Wednesday, April 29, 2009

Title tips: Writing headlines for search

Writing headlines that are optimized for search engines isn't complicated. The same principles that applied two years ago are still, for the most part, in use today. But I think it's important that journalists understand the difference between a page title and a headline and where these elements appear on different search results pages.

None of the following information is earth-shattering SEO news, by any means, but I find myself explaining it a lot to editors I work with.

The page title is the text that appears in the top-left corner of your web browser:

The headline is, quite obviously, the headline of your story, but notice in this example it is different from the page title above, even though it is the same story:

An article from two years ago explains why it's important to get the most important words at the front of your page title, as this is the text that a search-engine results page (SERP) will display. However, Google News displays its results based on the actual headline, not the page title, so it's also important that the most important information comes at the front of your headline, as well. [NOTE: Some content management systems (CMS) do not allow you to specify a different page title from your headline, in which case, your headline becomes even more important to SEO.]

For the above example, readers searching the web for information about truck driver salaries will immediately see "Truck driver salary study released ..." at the beginning of the title and will immediately know what the article is about. If that same article were to appear in Google News, the most important words of the headline, "driver pay study," are at the end and therefore are not as likely to be seen (or clicked) by a search-engine user.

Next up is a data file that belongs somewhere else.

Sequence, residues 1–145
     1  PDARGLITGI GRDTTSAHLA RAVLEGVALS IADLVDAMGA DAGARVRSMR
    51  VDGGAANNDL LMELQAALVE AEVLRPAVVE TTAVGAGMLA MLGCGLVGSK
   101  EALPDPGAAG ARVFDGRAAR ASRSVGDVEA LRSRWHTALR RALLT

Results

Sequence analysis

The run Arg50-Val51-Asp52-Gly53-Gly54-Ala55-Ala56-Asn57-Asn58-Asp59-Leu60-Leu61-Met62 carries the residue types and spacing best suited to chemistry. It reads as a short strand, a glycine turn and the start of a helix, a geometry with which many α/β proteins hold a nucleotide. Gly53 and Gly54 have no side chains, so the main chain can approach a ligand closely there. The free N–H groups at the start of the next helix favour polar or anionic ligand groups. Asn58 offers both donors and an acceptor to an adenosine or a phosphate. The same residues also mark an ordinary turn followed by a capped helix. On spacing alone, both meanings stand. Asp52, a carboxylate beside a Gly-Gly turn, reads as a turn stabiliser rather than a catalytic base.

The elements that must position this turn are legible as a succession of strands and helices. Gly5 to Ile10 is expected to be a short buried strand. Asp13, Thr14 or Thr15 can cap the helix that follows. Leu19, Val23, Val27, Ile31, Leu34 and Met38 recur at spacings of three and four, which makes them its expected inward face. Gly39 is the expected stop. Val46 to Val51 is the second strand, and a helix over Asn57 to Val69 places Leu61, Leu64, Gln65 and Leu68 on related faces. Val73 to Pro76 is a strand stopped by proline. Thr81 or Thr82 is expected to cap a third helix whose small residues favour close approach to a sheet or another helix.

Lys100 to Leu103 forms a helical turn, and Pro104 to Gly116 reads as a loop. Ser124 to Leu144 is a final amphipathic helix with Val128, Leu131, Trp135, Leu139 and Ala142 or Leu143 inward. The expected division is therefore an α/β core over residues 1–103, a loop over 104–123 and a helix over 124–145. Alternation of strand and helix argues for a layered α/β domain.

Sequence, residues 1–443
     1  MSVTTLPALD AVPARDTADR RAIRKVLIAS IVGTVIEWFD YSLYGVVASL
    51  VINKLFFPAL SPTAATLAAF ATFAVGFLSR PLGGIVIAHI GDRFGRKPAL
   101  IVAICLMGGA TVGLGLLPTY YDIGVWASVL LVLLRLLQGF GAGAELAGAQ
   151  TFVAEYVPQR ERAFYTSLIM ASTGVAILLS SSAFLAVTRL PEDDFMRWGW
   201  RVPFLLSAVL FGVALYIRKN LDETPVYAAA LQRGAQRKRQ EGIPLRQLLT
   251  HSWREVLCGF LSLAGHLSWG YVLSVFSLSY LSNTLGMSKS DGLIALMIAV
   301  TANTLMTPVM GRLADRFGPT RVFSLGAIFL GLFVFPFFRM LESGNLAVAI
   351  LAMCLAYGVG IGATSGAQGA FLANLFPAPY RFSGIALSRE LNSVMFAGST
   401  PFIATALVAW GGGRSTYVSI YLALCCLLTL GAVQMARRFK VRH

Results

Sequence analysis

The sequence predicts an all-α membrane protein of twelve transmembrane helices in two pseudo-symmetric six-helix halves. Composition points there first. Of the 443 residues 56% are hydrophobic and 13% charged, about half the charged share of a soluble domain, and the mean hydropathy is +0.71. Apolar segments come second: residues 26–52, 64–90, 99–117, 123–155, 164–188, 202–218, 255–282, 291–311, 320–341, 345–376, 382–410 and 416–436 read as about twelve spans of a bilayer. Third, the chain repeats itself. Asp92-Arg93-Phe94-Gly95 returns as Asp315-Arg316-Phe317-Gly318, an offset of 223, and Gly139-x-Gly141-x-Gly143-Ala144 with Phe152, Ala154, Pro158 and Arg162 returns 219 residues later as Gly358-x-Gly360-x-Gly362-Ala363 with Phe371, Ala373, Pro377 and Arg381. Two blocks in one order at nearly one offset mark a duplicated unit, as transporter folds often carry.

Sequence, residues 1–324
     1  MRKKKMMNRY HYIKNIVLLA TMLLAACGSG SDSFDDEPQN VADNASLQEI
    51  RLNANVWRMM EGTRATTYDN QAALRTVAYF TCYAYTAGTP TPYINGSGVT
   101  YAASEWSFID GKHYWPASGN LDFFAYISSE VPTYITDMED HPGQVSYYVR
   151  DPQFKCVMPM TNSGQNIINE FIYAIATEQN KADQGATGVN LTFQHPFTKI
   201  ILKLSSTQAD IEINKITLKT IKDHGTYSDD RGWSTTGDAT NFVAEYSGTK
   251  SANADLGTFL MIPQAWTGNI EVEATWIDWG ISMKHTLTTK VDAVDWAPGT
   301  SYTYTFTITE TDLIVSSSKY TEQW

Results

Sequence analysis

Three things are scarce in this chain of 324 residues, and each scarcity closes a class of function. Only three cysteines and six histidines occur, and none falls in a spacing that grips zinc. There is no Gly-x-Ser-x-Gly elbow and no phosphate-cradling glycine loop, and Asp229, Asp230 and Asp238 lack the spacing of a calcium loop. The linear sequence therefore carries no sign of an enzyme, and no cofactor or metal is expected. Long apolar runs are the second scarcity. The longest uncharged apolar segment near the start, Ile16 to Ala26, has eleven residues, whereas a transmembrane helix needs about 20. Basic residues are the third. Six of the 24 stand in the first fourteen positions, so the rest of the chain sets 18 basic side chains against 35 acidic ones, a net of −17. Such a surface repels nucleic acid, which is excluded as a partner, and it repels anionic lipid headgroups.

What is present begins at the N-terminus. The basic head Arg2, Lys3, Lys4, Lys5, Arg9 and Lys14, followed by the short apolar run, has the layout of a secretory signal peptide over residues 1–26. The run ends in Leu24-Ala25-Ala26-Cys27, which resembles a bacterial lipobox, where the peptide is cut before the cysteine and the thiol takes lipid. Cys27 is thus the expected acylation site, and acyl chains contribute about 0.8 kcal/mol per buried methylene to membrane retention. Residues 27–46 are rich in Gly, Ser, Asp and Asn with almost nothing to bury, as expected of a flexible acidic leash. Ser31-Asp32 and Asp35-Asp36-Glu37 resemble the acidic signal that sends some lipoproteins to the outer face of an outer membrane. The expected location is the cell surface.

Most news sites seem to be catching on to writing SEO-friendly headlines in their news articles, but where I most often see room for improvement is on a journalist's own blog, which often is hosted by a different content management system (CMS) or does not pass through the same SEO checkpoints as a normal article.

I often see vague blog headlines like, "An Artist's Passion," "Big Bottom Line," or "Shifts In Behavior." All of those are examples from a blog about the trucking industry, but if you were to see those headlines out of context in a Google News results page, you would have no idea. For example, if you type "shifts in behavior" as a Google News search query, you will find a wide variety of results.

A good test for journalists is to type their headline into Google News before the story is published. If you see results that are similar to the topic you're writing about, it's probably a good headline for search. If you see the exact same headline multiple times, you should rewrite it to stand out from the others, possibly by putting different keywords at the front of the headline. If you see a random assortment of topics, you need a new headline.

Headlines are one of the most important places that an article's search ranking can be influenced, so there's definitely a lot more to it than what I've written about here. There are tons of resources available on the web for writing web headlines, and I'm sure I'll have more to say on the topic in the future.

1 comment:

  1. Wow, this is something new to me. Perhaps online journalists should take the opportunity of practicing internet marketing while doing their job. ^^